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Re: [linux-lvm] Newbie question



Hi all,

Just for the record, HP-UX's vg layout is not in /stand. Information about
essential logical volumes (boot (/stand), root (/), primary swap and dump) 
is stored in a LIF file (LABEL) in the boot area's of the disk (use the lifls 
command to display the structure of the boot area). The lvlnboot command is used
to query and change the LABEL file. The mapping between VG and PV's is stored
in the /etc/lvmtab file. This file is used by the vgchange command to activate
volume groups. At boot time, /etc/lvmrc is run from the inittab, and it
executes a 'vgchange -a y' for all volume groups.

The "-lm" boot option in HP-UX disables the lv driver (major 64), so only the
/stand, /, pri swap and dump "volumes" are available. Not as logical volumes,
but directly from the disk because these volumes must be contiguous. This
option is necessary in HP-UX since it basically only supports LVM disk setups
(whole disk layout is also supported, but almost never used...). If Linux
would ever get to the point that LVM (or its successor) is *the* choice for
partitioning all disks (even the boot disk), we would need such an option as
well because otherwise there would be no path to recovery in case of LVM
data corruption.

With Veritas Volume Manager you have the option to encapsulate the boot disk.
The encapsulation process turns the boot disk in a PV (terminology: VM disk)
with a bunch of (logical) volumes laid out at exactly the same disk blocks as
the root, swap, usr and other partitions. I have very bad experiences with
encapsulated boot disks in Solaris, and never use them if I can help it.
For that reason I do not really favour converting my entire Linux boot disk
to LVM. But that's just a personal opinion......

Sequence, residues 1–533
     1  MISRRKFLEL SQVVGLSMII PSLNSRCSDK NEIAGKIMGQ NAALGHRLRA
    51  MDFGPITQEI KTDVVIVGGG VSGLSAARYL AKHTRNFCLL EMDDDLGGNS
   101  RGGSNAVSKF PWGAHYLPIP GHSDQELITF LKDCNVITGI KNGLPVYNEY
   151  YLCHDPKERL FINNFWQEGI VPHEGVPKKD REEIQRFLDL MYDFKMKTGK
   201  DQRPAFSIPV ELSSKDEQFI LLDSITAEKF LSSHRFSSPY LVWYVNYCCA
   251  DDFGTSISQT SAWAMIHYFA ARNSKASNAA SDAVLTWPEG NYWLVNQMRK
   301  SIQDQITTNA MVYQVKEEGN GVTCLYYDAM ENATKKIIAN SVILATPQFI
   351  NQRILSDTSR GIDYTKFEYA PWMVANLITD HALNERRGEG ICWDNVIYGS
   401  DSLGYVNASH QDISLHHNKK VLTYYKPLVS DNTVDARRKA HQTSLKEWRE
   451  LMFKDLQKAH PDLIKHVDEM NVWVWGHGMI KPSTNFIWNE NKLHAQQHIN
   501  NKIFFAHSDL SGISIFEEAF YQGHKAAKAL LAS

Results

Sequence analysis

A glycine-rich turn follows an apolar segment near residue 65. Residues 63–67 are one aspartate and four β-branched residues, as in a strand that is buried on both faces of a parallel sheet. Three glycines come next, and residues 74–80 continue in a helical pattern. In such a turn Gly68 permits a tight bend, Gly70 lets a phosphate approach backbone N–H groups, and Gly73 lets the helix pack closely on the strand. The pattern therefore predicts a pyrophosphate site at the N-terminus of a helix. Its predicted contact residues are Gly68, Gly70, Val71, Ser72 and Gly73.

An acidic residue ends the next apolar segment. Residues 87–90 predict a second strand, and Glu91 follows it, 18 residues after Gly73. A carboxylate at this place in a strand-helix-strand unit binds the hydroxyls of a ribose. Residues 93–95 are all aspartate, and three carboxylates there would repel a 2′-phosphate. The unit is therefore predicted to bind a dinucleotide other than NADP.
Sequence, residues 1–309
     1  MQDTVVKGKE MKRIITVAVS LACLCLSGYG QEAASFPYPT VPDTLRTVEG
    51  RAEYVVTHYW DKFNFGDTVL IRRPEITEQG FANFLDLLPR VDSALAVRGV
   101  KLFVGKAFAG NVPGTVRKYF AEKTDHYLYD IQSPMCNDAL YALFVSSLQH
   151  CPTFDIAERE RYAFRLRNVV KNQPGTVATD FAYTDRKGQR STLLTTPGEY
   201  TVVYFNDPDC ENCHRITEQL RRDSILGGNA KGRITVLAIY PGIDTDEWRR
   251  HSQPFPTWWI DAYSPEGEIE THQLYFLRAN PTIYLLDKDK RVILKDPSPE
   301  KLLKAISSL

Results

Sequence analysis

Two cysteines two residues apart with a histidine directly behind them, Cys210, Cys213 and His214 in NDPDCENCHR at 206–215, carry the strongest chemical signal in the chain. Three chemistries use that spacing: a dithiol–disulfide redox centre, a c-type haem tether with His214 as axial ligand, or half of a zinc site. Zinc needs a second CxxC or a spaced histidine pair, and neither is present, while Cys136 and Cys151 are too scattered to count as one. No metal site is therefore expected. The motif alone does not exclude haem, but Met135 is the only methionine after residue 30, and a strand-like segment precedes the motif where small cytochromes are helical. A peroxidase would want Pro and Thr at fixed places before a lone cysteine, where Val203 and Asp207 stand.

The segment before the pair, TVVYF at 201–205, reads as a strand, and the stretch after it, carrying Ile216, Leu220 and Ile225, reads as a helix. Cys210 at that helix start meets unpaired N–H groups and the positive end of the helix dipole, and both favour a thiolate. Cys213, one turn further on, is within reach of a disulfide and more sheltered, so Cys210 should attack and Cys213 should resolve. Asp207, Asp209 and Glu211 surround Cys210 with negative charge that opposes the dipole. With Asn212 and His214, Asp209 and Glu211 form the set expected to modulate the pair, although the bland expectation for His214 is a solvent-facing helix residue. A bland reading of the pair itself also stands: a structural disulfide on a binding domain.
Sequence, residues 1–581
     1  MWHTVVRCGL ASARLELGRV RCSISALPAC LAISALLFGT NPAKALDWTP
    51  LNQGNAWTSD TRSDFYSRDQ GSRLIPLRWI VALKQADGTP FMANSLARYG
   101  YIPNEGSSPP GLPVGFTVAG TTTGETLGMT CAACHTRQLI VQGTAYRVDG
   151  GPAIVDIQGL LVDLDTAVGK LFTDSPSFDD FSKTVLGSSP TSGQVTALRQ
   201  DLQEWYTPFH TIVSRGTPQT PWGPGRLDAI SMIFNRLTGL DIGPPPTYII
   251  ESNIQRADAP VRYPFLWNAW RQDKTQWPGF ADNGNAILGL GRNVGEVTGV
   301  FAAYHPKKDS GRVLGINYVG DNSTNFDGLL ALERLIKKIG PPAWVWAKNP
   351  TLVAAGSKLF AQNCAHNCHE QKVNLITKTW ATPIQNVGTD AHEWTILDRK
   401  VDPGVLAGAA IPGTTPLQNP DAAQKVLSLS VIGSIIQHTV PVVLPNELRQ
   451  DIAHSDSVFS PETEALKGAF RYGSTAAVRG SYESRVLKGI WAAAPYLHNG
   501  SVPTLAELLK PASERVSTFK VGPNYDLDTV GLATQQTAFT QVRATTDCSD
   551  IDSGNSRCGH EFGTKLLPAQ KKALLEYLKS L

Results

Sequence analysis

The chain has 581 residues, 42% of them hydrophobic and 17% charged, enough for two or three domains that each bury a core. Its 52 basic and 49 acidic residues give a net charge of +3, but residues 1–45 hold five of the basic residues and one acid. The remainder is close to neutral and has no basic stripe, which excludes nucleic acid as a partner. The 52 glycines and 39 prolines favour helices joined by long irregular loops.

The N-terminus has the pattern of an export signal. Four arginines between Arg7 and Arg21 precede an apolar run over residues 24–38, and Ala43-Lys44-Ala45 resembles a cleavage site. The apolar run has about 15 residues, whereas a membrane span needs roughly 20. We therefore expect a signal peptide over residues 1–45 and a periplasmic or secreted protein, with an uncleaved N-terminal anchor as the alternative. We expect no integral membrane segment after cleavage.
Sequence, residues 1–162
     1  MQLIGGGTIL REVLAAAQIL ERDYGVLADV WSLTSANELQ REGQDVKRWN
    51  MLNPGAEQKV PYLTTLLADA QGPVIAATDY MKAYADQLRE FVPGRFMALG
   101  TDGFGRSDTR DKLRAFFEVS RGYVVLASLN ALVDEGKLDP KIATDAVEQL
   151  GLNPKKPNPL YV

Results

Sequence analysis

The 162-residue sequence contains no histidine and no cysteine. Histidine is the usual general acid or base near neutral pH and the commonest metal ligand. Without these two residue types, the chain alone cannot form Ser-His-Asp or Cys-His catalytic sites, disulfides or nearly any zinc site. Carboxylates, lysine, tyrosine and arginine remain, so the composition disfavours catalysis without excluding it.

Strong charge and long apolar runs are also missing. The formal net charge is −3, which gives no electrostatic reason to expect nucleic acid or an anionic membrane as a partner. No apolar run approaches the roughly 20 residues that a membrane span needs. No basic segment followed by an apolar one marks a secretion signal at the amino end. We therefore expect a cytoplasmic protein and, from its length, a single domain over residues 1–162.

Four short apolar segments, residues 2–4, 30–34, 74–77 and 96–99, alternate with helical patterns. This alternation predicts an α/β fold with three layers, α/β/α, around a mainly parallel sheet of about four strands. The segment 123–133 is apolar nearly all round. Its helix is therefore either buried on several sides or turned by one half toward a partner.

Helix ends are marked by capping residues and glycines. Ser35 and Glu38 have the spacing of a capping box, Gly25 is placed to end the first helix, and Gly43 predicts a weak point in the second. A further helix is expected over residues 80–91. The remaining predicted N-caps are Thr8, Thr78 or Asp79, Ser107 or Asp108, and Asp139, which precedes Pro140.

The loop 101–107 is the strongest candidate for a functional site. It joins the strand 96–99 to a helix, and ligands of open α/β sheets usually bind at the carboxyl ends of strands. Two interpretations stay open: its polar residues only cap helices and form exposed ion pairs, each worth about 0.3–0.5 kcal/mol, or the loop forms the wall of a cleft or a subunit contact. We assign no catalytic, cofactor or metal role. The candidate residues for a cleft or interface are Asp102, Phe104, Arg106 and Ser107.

++Jos
"Who could not resist commenting on this, sorry..."

And thus it came to pass that Luca Berra wrote:
(on Tue, Jul 17, 2001 at 01:36:10AM +0200 to be exact)

> On Mon, Jul 16, 2001 at 10:08:02AM -0500, Steven Lembark wrote:
> > 
> > >> Now I have a question. I read the HOWTO migrate the old root partition to a
> > >> LV
> > 
> > Think really, really hard before trying this.  Linux on an X86 doesn't have
> > an LVM aware bios and you cannot boot w/o LVM (e.g., HP's "-lm").  This
> > means that if you have any error at all in LVM you cannot boot.
> 
> and HP9000 haven't either!
> -lm works because the vg layout is saved in a file in /stand
> they have LVM activation in the kernel tough (sorta, they still need a contiguous root, placed
> on the same PV as the kernel is)
> 
> > A safer approach -- especially if you havn't used LVM before -- is to use
> > the first 2-3 partitions for /, swap and /var.  This allows you to boot even if
> maybe / if linux had a sane use for /sbin, but swap and var are unneeded.
> 
> (btw i have lvm root and i am happy)
> 
> L.
> 
> -- 
> Luca Berra -- bluca comedia it
>         Communication Media & Services S.r.l.
>  /"\
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>   X        AGAINST HTML MAIL
>  / \
> _______________________________________________
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> http://lists.sistina.com/mailman/listinfo/linux-lvm
> read the LVM HOW-TO at http://www.sistina.com/lvm/Pages/howto.html

-- 
With all the things you are losing,
You might as well resign yourself,
And try and make a change...


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